This includes: Heightened alert and screening at hospital and clinic entry points, delayed elective surgeries and outpatient follow-ups, as well as severely limited clinical — especially bedside — training for undergraduate and postgraduate healthcare personnel.

But this is an immediate adaptive response to the outbreak that is unsustainable in the medium term.

This will need to be evaluated with consistent policies at the national level to alleviate stress in healthcare staff. There is also a need to monitor the training of medical and nursing students to ensure that the current disruption of training does not affect their clinical competency when they graduate over the next couple of years.

Different measures to offload pressure on the healthcare system and build surge capacity are no doubt being considered.

PM Lee for instance has noted that if Singapore sees very large number of cases, we will not be able to hospitalise and islolate every case like we do now.

The sensible thing to do then is to hospitalise only the more serious cases and isolate the majority with mild symptoms in the community setting, including at home.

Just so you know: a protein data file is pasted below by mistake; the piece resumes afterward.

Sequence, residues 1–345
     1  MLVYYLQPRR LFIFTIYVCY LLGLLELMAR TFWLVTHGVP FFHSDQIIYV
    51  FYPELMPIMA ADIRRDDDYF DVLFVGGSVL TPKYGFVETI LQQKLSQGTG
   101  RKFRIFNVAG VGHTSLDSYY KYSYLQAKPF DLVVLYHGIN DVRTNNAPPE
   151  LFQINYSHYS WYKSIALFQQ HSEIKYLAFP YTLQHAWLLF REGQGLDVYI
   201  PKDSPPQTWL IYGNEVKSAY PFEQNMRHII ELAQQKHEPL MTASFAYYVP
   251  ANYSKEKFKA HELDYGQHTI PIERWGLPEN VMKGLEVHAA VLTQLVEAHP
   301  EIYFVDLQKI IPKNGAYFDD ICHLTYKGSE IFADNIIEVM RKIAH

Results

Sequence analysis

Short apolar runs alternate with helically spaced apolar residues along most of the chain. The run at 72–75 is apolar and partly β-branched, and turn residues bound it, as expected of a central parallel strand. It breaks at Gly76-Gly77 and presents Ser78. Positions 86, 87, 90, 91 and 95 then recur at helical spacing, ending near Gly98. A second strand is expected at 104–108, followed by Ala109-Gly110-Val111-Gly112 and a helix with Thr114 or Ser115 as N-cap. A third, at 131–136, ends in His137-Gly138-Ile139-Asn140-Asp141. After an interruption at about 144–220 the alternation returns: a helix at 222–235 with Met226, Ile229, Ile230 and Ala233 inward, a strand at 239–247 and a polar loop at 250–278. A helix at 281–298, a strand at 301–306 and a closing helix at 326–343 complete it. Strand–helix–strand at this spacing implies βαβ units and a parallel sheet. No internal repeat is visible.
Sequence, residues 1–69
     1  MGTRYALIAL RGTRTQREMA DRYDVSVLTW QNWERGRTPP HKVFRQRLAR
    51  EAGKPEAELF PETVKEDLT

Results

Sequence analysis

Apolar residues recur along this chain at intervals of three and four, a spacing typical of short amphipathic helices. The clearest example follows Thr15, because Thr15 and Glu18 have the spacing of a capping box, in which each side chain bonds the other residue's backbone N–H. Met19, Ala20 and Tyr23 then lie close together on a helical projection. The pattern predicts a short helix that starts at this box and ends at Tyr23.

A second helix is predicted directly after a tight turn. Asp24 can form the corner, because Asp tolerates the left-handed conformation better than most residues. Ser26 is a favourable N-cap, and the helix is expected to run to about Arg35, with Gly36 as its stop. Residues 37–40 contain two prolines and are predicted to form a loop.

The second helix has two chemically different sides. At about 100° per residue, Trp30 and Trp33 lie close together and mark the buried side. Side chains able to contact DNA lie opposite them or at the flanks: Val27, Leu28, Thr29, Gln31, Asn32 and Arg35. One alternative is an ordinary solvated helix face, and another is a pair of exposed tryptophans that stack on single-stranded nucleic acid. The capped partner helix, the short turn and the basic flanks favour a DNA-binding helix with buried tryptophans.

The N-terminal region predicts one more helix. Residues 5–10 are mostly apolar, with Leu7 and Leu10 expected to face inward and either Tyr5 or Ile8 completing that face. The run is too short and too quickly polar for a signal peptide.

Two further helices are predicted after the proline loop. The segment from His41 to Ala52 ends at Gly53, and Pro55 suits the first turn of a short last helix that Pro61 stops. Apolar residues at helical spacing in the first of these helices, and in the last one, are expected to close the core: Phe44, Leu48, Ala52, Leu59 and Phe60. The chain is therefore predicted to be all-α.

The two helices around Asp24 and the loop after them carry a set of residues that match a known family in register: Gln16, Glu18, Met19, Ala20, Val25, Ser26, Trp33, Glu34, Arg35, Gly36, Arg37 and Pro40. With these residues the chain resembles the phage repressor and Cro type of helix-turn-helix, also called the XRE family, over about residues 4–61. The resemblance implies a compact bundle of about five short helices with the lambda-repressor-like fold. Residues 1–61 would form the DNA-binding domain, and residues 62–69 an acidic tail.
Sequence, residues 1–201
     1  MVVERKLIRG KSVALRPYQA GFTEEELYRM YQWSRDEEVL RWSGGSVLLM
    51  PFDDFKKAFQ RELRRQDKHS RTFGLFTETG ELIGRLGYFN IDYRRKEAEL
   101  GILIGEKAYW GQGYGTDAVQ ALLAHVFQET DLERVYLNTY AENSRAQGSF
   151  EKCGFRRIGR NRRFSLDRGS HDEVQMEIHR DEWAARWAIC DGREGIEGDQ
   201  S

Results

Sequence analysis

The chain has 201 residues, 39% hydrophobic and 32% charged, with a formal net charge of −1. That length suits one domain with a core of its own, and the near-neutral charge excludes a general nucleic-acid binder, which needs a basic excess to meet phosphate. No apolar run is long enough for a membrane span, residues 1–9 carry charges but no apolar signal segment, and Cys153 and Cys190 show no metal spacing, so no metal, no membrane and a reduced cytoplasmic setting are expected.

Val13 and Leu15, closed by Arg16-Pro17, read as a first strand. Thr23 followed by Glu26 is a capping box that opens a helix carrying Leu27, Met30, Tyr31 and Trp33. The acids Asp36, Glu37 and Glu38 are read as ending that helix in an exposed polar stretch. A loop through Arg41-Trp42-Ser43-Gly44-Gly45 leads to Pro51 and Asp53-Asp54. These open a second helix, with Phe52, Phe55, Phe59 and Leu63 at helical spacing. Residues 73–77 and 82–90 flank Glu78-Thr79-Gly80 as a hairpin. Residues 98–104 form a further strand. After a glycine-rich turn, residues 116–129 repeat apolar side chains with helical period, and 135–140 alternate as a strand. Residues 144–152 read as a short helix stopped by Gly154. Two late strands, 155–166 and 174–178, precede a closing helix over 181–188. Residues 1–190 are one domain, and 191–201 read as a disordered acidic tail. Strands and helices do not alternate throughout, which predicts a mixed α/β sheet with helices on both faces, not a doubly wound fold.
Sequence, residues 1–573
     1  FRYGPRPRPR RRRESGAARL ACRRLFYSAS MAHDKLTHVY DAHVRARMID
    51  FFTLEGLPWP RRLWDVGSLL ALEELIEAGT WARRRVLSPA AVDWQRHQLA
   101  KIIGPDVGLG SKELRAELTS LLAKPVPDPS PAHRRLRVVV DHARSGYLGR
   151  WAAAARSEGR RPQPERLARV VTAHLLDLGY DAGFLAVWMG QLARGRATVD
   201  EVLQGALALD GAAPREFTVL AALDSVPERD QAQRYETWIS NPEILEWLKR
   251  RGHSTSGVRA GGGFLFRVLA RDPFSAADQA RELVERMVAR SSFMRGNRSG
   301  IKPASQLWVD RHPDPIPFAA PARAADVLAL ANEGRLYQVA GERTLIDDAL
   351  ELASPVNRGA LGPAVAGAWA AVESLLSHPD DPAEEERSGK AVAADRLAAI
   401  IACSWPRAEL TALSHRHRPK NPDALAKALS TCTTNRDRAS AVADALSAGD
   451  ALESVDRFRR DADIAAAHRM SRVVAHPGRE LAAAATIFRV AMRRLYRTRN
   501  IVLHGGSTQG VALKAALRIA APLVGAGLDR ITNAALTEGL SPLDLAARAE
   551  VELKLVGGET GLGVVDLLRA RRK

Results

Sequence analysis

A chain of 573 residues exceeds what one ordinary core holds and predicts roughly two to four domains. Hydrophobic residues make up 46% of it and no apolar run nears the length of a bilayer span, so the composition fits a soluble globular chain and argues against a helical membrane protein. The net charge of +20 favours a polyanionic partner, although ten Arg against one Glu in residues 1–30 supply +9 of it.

The Government has already incrementally recommended targeted social distancing practices, including the recent suspension of social activities for senior citizens aimed at protecting this particular vulnerable group.

Other measures could include expanding Covid-19 testing in primary care (or even at home), much like what South Korea has done, and expanding the role of telemedicine in general.

Cross-training a segment of the Singapore Armed Forces Volunteer Corps and perhaps even full-time national servicemen to be able to use personal protective equipment and function as medical orderlies could be a radical but potential way of expanding the healthcare worker pool in preparation for a possible large surge of cases in the future.

They should ideally not be taking care of Covid-19 cases, but could help out in the care of patients with other diseases. Private hospitals can be co-opted for use for public sector non-Covid-19 patients as well.

In conclusion, it is unlikely that the threat from Sars-CoV-2 will end in 2020, and may not entirely be dispelled even if an effective vaccine became available next year.

Singapore has been successful in containing the epidemic to date, but will need to adapt further and implement innovative interventions in the healthcare system to ensure the sustainability of these efforts.

 

ABOUT THE AUTHOR:

Associate Professor Hsu Li Yang heads the Infectious Diseases Programme and is co-director of the Leadership Institute for Global Health Transformation at the Saw Swee Hock School of Public Health, National University of Singapore.

Related topics

Covid-19 Wuhan virus coronavirus Singapore healthcare MOH